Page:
Where may Cottage Food Production Operations sell the food products?

Cottage Food Products may not be sold across state lines.  In other words,  only be sold within the state. They may be sold directly to the consumer from the home where the products are produced. They may also be sold through grocery stores, registered farm markets, church bake sales, schools, registered farmers markets, and sold and/or used in preparing food in a restaurant.

Other requirements

  • If have a pet that comes in your home at any time (even if only at night) then you cannot manufacture foods in your home. This practice is a violation of the Good Manufacturing Practices.
  • Your home processing area must meet the standards set by:
    And in addition, for acidified foods (like pickles) , the following are required:
  • Zoning and other local requirements may also apply:
    County government links: (Click on the map there)
    City or town government links:
  • Water requirements: If your home has municipal/city water, you will need a copy of your most recent bill.
    If your only water source is from a well, the water must be tested for coliform bacteria before an inspection is made. Test results within 1 year of your application and must be attached with your completed application. Water testing is available from private companies or your local health department.
  • Food contact surfaces must be smooth and easily cleanable.
  • Restroom and hand washing facilities must have hot and cold running water easily accessible from processing area. Kitchen sink is for food preparation only, hand washing must be done in a separate sink.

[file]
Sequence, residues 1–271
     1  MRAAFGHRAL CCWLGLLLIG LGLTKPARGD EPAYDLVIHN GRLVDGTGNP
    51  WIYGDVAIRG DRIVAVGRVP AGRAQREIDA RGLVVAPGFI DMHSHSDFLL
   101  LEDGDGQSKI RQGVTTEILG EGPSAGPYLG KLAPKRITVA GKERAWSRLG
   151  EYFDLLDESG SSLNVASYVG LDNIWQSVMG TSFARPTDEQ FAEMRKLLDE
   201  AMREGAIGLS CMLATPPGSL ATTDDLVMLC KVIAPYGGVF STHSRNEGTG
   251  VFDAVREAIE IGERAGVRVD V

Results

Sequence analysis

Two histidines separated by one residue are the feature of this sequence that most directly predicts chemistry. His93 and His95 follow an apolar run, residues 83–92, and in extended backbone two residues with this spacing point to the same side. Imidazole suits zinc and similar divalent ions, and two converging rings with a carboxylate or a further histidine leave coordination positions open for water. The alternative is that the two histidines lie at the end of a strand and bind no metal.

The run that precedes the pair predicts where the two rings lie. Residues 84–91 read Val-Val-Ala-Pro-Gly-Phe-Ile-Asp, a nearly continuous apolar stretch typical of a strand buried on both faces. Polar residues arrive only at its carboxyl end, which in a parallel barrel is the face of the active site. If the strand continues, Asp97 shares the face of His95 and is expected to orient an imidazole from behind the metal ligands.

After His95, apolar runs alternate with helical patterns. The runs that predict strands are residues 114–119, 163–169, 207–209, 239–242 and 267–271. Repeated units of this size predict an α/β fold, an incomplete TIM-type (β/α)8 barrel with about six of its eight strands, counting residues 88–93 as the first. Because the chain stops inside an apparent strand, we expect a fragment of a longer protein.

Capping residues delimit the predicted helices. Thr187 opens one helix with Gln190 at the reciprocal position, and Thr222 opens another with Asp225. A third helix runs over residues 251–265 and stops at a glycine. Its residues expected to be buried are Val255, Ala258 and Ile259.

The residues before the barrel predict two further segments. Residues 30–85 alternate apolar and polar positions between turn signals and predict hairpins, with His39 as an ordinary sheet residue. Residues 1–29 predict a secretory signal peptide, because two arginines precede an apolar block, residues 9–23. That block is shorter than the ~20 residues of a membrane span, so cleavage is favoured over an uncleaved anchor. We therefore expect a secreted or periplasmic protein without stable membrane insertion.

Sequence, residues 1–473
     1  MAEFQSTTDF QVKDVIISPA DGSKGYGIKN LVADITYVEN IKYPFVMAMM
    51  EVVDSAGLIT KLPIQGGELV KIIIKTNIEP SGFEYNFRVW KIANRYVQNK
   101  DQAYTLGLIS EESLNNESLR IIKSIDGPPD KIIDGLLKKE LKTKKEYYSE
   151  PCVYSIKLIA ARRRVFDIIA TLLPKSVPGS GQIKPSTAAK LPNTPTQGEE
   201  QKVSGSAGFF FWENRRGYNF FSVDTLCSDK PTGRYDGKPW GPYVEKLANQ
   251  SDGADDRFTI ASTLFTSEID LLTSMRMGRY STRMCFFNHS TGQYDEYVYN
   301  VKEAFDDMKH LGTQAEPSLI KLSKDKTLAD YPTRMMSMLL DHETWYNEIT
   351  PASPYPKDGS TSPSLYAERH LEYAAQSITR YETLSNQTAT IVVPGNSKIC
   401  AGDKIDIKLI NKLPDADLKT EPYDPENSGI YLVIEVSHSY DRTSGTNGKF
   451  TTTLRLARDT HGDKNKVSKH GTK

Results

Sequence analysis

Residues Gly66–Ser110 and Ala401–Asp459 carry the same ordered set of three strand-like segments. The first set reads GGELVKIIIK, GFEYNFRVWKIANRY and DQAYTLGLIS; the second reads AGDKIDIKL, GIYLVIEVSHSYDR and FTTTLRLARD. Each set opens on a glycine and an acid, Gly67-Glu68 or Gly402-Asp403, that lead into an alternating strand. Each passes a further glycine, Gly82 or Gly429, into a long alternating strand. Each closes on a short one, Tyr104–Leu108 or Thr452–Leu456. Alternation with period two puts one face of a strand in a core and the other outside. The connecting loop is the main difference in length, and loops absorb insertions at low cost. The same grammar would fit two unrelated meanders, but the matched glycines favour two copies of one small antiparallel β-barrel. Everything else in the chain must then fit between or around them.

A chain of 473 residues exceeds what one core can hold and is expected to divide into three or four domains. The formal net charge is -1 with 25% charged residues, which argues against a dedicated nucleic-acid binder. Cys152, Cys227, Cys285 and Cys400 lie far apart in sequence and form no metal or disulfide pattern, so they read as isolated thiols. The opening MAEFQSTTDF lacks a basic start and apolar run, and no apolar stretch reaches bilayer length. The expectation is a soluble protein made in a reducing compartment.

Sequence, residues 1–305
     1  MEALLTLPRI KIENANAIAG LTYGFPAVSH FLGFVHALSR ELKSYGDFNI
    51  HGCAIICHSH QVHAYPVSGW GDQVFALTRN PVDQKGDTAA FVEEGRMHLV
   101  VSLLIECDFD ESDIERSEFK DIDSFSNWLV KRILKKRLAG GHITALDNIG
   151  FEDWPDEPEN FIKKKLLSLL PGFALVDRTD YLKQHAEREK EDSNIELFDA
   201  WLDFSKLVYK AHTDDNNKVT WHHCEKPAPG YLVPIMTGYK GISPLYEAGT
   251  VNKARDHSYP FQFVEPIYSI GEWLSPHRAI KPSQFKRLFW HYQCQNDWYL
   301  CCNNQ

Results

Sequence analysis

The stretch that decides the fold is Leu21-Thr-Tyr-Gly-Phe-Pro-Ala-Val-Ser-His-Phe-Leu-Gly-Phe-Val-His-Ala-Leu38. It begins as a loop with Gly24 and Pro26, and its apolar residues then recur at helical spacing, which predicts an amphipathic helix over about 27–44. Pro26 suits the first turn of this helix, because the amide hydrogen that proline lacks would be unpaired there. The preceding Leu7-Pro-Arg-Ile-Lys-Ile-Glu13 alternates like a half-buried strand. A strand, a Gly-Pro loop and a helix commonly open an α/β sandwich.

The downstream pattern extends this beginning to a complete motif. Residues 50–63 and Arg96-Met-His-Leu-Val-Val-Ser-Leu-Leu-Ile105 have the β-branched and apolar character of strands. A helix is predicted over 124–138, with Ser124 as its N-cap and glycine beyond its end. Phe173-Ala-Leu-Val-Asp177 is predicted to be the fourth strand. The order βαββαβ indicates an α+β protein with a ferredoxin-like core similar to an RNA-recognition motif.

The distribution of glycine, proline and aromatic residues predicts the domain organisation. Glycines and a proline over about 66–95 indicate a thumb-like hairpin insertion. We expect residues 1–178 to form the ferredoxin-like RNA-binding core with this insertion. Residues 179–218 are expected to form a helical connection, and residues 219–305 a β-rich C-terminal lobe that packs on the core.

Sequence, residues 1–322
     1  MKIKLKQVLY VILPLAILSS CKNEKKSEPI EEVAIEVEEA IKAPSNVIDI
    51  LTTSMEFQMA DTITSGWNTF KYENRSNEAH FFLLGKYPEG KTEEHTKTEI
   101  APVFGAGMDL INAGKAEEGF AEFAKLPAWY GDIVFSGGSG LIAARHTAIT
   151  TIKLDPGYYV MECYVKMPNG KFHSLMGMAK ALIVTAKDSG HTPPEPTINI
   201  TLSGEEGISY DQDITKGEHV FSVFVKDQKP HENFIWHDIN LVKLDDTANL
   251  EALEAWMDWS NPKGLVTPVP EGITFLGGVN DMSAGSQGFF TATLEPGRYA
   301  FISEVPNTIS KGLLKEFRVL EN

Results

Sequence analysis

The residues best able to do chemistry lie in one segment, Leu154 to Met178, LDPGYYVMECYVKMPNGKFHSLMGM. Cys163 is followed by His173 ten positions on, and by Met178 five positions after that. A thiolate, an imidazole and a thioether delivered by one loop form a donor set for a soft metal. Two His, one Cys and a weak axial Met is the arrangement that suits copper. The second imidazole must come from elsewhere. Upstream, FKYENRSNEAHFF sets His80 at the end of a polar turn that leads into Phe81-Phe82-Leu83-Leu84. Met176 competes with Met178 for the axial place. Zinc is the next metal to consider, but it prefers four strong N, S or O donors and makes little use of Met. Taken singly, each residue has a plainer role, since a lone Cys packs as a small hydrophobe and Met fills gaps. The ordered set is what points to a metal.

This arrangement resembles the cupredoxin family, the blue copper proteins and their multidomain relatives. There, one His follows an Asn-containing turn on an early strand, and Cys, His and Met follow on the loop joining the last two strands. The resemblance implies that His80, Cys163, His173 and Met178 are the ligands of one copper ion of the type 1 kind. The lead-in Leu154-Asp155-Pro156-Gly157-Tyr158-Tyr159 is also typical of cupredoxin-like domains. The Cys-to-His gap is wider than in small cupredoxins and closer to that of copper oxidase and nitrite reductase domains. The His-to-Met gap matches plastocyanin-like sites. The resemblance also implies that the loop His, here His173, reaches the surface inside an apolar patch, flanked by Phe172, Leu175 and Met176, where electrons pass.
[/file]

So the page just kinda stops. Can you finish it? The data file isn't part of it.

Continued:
• Thermometer must be kept in refrigerator to monitor temperature.
  • Waste must be carried away from the house in an acceptable fashion (sewer or septic system)
  • All light bulbs in the kitchen must have protective shields or be shatter-proof.
  • If you plan to sell acidified foods (like pickles), you must take a course on safe production practices. NCSU offers Acidified Foods Manufacturing School, which is done 100% Online
    The Acidified Foods Manufacturing School provides instruction primarily for operating supervisors, the individual who is in the plant or kitchen at the time an acidified preserved food product is packed and processed. The school is particularly intended for operators or operating supervisors involved in production of thermally processed acidified foods. If you are a manufacturer of Low-Acid Canned Foods you will want to consider taking the Better Process Control School (BPCS) which covers topics associated with Low-Acid Canned Foods. For more information and course registration, visit the official Acidified Foods Manufacturing School website.
  • Application for Home Processing Inspection.

  • You must  complete the Application for Home Processing Inspection.
    Application for NC Home Food Processor Inspection  writable PDF  (back up link: Application for Home Processor Inspection)
    Application for Home Processor Inspection Microsoft Word   (back up link: Application for Home Processor Inspection)
    mail the completed form to: or Mail the completed form to:
    Kaye J. Snipes
    169 Boone Square Street, #168
    Hillsborough, NC 27278
    Then within two (2) weeks of sending your application, a Food Regulatory Specialist will contact you to arrange a home processing facility inspection. You will be sent a copy of all relevant federal and state regulations for your review and to prepare your facility for inspection.
    After sending your completed application, please check your Email periodically for correspondence from our Regulatory Specialists. Inspection appointments are typically made over email. For applicants without email access, appointments will be made by phone.
  • Product testing